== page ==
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Solar Project Manager | Albany, N.Y.
In the 1990s, when Matt DiNisco was in high school, his family's heating and cooling company was one of the only solar contractors in Boston. But DiNisco, who spent summers and other school holidays working for the business, never got to install a solar system.
Matt DiNisco installs solar energy systems across New York, from rural dairy farms to Habitat for Humanity houses in Albany.
"It was mostly decommissioning the systems or repairing them," says DiNisco, whose family has since sold the business. "Back in the '70s, there was a big thrust for solar, and my family's company was one of the first to get into it. When oil became cheaper, people didn't find much use for solar anymore. If they wanted to reroof their house, they would just take their system down."
Times have changed. Today, DiNisco is in the business of installing solar systems. As a regional project manager for Vermont-based groSolar, he oversees all installations in New York state.
"When people ask how this business is going, if I say busy, they're pretty excited," he says. "People want to see this work."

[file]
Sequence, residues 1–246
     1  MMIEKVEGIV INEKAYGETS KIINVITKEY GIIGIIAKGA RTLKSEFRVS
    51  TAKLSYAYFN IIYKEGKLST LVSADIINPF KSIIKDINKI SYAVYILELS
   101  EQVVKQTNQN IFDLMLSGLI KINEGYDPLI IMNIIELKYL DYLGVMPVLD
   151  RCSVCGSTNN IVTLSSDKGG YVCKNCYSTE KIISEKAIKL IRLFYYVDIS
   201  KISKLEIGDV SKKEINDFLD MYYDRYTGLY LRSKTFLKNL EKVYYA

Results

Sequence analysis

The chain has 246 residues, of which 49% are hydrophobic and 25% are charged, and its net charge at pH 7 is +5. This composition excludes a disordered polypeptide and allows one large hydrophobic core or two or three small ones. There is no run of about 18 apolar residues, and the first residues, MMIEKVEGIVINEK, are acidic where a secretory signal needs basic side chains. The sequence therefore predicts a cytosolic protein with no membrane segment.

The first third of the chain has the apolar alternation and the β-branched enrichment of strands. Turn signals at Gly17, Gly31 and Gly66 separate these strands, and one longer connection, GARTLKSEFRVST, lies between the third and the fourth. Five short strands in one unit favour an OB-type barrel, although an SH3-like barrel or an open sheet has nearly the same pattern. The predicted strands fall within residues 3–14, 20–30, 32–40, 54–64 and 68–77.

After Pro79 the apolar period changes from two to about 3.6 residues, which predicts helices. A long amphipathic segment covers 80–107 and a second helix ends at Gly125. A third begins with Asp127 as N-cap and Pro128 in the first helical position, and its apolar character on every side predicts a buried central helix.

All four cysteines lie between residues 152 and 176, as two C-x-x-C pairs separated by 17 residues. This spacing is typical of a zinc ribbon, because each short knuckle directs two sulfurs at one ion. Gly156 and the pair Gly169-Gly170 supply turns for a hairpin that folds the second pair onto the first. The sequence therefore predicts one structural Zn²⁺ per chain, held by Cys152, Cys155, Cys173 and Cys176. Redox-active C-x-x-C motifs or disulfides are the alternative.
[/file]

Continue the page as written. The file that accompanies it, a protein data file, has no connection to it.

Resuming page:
DiNisco joined groSolar in 2006, after a stint in the Peace Corps and a job in public health. His experiences in the developing world propelled him into the solar industry.
"I felt like we were heading in the wrong direction and I wanted to do whatever I could, in a small way, to turn us in the right direction. Solar is something I enjoy doing and also something that I actually believe in. It's by no means just a job for me."
Whatever their reasons, people "from all sectors of our culture" are starting to see the importance of renewable energy, DiNisco says. "We're installing systems in areas that are really way out there and not necessarily the more progressive, trendy areas." His team has set up solar systems on dairy farms in rural New York as well as Habitat for Humanity houses in Albany.
"I think people were really excited about the fact that we had an inaugural address stating that alternative energies were going to be a big part of our future and a way for us to get ourselves out of the foreign policy messes and economic messes that we're in," he says. "I've seen a substantial drop in skepticism."
last revised 6/11/2009
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